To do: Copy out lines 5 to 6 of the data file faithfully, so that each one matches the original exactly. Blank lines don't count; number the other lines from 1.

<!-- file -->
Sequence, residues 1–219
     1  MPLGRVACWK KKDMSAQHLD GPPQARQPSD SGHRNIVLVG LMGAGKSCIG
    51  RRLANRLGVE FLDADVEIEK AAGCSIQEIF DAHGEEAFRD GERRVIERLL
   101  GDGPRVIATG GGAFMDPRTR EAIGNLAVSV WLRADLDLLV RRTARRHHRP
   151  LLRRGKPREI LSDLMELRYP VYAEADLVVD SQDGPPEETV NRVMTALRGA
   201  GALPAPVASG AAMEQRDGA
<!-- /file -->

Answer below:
   151  LLRRGKPREI LSDLMELRYP VYAEADLVVD SQDGPPEETV NRVMTALRGA
   201  GALPAPVASG AAMEQRDGA